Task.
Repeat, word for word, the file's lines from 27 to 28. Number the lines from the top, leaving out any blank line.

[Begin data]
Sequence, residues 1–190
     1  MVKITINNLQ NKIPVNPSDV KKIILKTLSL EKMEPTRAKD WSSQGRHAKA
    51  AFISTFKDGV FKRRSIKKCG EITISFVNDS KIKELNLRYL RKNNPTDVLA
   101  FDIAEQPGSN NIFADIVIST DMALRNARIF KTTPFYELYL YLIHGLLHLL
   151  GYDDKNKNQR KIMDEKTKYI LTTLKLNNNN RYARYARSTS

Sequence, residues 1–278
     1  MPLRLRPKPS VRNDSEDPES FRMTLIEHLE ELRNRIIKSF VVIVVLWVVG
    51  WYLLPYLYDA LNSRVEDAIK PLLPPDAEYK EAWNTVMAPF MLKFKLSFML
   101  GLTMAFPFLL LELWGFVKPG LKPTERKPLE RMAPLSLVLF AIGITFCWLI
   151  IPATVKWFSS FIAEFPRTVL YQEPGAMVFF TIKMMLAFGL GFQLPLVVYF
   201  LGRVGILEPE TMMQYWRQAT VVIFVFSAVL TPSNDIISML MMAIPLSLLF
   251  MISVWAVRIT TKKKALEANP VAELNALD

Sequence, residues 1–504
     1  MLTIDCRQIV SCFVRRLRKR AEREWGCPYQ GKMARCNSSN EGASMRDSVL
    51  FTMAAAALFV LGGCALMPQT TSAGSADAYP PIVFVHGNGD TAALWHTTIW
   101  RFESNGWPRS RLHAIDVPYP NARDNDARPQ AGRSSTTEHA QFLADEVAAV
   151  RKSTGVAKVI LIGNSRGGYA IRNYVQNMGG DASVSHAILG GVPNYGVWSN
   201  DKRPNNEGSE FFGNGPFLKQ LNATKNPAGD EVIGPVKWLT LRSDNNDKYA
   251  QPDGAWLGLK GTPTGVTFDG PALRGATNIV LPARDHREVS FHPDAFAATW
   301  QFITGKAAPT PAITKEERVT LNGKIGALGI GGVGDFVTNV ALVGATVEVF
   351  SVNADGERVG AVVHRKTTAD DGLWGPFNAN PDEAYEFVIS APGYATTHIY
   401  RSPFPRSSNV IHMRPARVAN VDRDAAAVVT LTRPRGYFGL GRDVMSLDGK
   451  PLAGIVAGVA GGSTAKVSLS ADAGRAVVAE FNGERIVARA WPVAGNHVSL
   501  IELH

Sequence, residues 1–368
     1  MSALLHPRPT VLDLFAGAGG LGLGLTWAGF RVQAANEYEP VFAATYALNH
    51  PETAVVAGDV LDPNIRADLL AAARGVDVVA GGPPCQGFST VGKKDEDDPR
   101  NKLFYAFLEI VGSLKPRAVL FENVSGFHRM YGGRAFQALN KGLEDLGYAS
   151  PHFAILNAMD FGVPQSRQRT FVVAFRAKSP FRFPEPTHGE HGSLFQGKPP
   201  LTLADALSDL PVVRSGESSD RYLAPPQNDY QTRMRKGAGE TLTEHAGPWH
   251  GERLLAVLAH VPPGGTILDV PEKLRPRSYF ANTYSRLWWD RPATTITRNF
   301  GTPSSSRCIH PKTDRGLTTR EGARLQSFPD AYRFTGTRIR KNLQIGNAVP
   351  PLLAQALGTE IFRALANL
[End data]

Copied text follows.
    51  PETAVVAGDV LDPNIRADLL AAARGVDVVA GGPPCQGFST VGKKDEDDPR
   101  NKLFYAFLEI VGSLKPRAVL FENVSGFHRM YGGRAFQALN KGLEDLGYAS